Americans Charged with Child Trafficking in Haiti

Detained Americans say they had good intentions in Haiti (CNN)

Port-au-Prince, Haiti (CNN) — Ten Americans charged with trafficking in Haiti defended their plan to bus 33 children into the Dominican Republic, saying their intention was to get them to a temporary shelter.

“We came into Haiti to help those that really had no other source of help,” said Laura Silsby, a member of the group. “We are trusting the truth will be revealed, and we are praying for that.”

The five men and five women are from New Life Children’s Refuge, an Idaho-based charity. They said they were trying to move the children from Port-au-Prince into the Dominican Republic.

According to the group, the children did not have any passports. Government approval is needed for any Haitian children to leave the country.

A senior U.S. official with direct knowledge of the case said there was no indication of child trafficking.

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“It appears their orphanage was damaged and they were moving the children to their facility in the [Dominican Republic] but failed to obtain exit visas from Haiti,” said the official who was not authorized to speak on the record.

The Rev. Clint Henry, the senior pastor with the Central Valley Baptist Church in Meridian, Idaho, told CNN affiliate KIVI that the 10 are part of a group working to establish an orphanage in the Dominican Republic for the youngest victims of the January 12 earthquake that devastated much of the country.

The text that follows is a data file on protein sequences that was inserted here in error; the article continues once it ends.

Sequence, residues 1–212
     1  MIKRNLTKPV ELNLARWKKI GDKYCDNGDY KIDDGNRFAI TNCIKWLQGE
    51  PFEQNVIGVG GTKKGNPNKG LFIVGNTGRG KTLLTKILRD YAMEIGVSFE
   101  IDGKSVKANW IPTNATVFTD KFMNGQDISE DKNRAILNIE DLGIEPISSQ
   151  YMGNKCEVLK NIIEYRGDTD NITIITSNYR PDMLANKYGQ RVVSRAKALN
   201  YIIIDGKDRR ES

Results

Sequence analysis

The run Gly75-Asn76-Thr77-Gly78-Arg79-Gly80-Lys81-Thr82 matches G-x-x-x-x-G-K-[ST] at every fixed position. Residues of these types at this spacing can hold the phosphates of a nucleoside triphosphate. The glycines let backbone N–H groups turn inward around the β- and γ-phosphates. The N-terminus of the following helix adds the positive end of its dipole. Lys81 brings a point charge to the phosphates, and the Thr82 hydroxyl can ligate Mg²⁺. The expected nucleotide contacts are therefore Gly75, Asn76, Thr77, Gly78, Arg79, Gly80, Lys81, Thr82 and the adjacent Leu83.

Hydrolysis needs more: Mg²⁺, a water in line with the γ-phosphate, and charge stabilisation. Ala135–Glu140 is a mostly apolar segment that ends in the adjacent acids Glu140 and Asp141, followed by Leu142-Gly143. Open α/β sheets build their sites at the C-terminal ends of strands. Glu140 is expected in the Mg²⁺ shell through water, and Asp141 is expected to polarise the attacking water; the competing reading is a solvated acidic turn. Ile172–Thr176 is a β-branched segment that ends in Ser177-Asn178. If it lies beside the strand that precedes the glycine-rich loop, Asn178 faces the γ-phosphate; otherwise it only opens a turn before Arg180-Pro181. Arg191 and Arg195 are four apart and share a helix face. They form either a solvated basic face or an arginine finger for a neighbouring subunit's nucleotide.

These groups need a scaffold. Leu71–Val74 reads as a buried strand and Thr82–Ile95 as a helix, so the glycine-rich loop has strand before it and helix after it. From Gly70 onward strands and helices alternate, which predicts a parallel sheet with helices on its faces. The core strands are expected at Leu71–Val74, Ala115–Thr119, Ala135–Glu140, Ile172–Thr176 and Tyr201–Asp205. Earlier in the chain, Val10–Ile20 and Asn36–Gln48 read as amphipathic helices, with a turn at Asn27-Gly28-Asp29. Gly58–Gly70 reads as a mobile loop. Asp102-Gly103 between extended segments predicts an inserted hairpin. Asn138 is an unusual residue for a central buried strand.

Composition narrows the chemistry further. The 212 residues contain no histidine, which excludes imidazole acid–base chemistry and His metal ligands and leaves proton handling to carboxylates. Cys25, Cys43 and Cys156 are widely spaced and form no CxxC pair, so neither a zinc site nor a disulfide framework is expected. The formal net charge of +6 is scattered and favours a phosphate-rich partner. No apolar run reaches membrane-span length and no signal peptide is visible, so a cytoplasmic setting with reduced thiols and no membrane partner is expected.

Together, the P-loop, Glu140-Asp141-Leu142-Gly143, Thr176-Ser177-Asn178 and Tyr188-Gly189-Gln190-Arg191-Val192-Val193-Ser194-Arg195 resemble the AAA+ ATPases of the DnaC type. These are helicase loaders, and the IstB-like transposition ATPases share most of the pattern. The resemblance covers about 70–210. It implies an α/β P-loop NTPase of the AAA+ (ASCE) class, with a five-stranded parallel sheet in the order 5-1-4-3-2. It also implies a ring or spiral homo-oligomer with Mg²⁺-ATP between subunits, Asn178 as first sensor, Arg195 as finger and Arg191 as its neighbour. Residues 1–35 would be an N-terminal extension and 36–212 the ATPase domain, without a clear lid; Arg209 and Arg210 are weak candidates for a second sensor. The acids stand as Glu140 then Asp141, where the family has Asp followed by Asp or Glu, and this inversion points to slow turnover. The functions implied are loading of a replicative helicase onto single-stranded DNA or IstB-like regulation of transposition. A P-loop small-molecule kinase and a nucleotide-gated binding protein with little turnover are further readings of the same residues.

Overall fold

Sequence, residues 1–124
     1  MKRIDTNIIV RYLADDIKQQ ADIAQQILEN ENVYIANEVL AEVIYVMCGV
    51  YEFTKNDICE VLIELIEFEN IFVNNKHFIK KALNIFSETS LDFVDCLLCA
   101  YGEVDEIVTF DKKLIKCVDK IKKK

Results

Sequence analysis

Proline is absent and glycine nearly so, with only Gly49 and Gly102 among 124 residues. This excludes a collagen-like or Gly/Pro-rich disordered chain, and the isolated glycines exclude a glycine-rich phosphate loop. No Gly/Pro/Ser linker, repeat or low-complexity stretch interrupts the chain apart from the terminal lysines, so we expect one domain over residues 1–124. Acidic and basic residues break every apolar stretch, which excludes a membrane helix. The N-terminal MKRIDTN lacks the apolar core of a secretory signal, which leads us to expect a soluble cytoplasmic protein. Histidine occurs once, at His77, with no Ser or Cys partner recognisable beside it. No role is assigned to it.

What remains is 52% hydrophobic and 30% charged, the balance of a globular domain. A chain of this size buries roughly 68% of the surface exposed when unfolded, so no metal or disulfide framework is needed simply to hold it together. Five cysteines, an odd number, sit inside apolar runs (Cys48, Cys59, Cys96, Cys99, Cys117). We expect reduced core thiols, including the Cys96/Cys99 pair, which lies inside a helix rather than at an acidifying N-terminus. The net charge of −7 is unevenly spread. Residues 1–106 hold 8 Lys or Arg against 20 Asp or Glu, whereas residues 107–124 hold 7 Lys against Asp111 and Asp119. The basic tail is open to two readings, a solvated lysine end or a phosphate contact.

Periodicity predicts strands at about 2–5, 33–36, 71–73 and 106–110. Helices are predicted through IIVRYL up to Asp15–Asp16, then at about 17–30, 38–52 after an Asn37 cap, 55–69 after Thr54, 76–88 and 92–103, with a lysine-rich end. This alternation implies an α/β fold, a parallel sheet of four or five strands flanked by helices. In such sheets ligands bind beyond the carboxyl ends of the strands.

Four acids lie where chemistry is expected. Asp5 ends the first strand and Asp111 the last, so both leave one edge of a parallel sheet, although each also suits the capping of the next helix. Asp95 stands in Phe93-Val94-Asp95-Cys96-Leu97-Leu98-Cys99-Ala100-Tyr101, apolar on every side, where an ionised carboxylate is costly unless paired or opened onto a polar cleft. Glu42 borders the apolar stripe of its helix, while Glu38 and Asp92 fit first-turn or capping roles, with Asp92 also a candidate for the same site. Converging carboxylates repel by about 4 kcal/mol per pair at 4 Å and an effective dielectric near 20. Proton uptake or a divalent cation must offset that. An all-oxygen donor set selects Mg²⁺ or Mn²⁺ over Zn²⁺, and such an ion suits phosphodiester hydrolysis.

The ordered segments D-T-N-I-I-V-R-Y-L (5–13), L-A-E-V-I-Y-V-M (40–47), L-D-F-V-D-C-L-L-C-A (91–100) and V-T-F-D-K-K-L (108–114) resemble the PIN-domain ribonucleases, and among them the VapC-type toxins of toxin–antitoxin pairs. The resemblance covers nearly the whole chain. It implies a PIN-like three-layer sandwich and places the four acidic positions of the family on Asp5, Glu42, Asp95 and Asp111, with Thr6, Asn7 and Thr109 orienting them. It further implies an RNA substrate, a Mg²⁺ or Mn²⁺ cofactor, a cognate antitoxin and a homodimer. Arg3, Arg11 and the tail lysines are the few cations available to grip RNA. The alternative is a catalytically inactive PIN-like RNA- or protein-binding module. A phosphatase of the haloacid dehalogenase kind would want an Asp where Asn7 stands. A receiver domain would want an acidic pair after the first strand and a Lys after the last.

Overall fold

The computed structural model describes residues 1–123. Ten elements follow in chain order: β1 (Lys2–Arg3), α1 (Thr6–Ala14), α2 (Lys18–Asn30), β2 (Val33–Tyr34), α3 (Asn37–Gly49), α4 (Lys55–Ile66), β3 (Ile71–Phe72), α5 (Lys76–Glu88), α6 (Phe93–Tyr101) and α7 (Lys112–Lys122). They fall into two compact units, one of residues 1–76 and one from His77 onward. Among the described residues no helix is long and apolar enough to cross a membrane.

Henry said some of the children had suffered physical injuries and need medical assistance.

“Our team was falsely arrested today, and we are doing everything we can from this end to clear up the misunderstanding that has occurred in Port-au-Prince,” a statement on the church’s Web site said Saturday night.

The statement said the children were being rescued from “one or more orphanages” that had been damaged in the quake.

Jeanne Bernard-Pierre, general director for Haiti’s Institute of Social Welfare, said the children will be interviewed in the coming days to determine whether they have any living relatives.

“When they arrived, some of the children were crying and saying, ‘I want to see my parents,'” Bernard-Pierre said.

She said the government’s ministry of social affairs will attempt to reunite the children with any family members and provide psychological assistance.

But the group said it believed the children were orphaned, and it was going to house them in a converted hotel in the Dominican Republic. Officials in the country had agreed to allow them in without the required paperwork, Silsby said.

U.S. embassy officials visited the Americans over the weekend at a jail near the airport in Port-au-Prince, where they are being detained. The group said it was being treated well, and was holding on to its faith.

“God is our provider and God gives us strength and comfort,” said group member Carla Thompson. “We are having a great time. We have our Bibles and we are OK.”

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